Once you’ve done this, your Git panel should be empty, because your workspace should match your local repository. At the top of the Git panel, it will say, “Your branch is ahead of ‘origin/master’ by 2 commits.” The reference to ‘origin/master’ is a reference to the remote repository. The remote repository is stored on Github. In order to sync them up, hit “Push” (with the up arrow, for “upload”). You’ll be asked for the username and password you gave when you created your Github account. The Four Books of Git are in harmony. You can check this by refreshing that tab where you were viewing the Github repository.

Looking at older versions

I won’t show you how to load them into your workspace (because you usually don’t want to do that), but you can look at the changes you’ve made by clicking, in the Github page, where it says “3 commits” (this is the total number of commits you’ve made up to now: one when you created the repository; another when you added the RStudio project file; and another when you modified the README). By clicking on the individual commits, you get to see the changes that you made at each step.

Notice that you did not sync with the remote repository three times (“push”). You only pushed once, just now. The Third and Fourth Books of Git don’t just contain your current work. A repository contains everything you have ever done, organized in this convenient fashion. You could also have viewed the same changes by looking at the local repository. Go back into RStudio, and, in the Git panel, hit “More” (the blue gear again). Click “Shell…”. Now type “git log”. You have the same list of commits (without the detailed changes shown like you do in the Github interface; there is a command, “git diff”, that allows you to see them: try “git diff HEAD^ HEAD”). What’s in the local repository, like what’s in the remote repository, is the whole history of your project.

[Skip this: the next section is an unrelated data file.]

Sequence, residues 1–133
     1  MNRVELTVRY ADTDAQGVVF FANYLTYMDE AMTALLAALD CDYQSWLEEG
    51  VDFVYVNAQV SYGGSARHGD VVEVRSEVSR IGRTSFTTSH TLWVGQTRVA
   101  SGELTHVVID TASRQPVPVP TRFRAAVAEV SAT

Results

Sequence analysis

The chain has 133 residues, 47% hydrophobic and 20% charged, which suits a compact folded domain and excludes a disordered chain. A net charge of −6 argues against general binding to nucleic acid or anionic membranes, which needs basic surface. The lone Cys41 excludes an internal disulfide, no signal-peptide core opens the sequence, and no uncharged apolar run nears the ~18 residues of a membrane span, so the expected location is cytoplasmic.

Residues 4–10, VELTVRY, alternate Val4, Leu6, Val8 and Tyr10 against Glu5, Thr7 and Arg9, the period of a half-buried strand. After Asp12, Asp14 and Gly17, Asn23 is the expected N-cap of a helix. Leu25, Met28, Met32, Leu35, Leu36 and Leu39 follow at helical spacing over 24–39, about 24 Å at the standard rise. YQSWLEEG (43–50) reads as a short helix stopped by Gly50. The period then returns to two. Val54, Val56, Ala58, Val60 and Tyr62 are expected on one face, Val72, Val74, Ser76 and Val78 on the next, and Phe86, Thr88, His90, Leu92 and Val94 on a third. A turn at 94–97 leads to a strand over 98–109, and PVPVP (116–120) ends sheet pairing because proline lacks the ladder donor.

Cloning and pulling

When you eventually collaborate, or, potentially for the nearer future, if you decide to install R on your own computer and work there, instead of on the class server, then the way you’ll stay synced up (with your collaborators or your friends) is to add, for each separate computer where you want a copy of the project, Three More Books of Git: a new workspace, index, and local repository.

Above, after you created your remote repository on Github, you then went into RStudio and created a new project. You gave it the address of the remote repository, and RStudio created Three Matching Books of Git in your directory on the class server. If you wanted to work on the project on your own copy on your own computer (not connecting to the class server, with actual copies of the workspace on your hard drive: for example, you’re taking a long flight soon); or if someone else wanted to work on the project; then you, or they, would do the same thing again on the appropriate computer. This is called “Cloning.” (If someone else wanted to Push, you’d need to add them as a collaborator on the project. By default, only your username and password will work for Push.)

If some changes are pushed to the remote repository, you will then probably want to Pull them, to update your local repository. You can try this now by hitting the “Pull” (down arrow) button in the Git panel, but nothing will happen.

There are a couple of skills you’d need to learn before working with other collaborators (they’re useful for working on your own code as well, but not essential at first). Namely, you’d need to learn to “merge” and to create separate “branches” within a repository. You can find out more about these in the tutorials below.